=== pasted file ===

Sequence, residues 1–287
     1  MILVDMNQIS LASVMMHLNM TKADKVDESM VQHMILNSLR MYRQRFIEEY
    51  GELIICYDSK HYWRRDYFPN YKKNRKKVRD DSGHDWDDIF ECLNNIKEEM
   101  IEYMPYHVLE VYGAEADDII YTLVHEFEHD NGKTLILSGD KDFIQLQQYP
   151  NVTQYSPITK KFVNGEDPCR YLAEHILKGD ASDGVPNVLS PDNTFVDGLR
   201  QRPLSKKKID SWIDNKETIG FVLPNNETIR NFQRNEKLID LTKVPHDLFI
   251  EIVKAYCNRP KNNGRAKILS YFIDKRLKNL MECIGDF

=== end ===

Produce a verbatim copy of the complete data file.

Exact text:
Sequence, residues 1–287
     1  MILVDMNQIS LASVMMHLNM TKADKVDESM VQHMILNSLR MYRQRFIEEY
    51  GELIICYDSK HYWRRDYFPN YKKNRKKVRD DSGHDWDDIF ECLNNIKEEM
   101  IEYMPYHVLE VYGAEADDII YTLVHEFEHD NGKTLILSGD KDFIQLQQYP
   151  NVTQYSPITK KFVNGEDPCR YLAEHILKGD ASDGVPNVLS PDNTFVDGLR
   201  QRPLSKKKID SWIDNKETIG FVLPNNETIR NFQRNEKLID LTKVPHDLFI
   251  EIVKAYCNRP KNNGRAKILS YFIDKRLKNL MECIGDF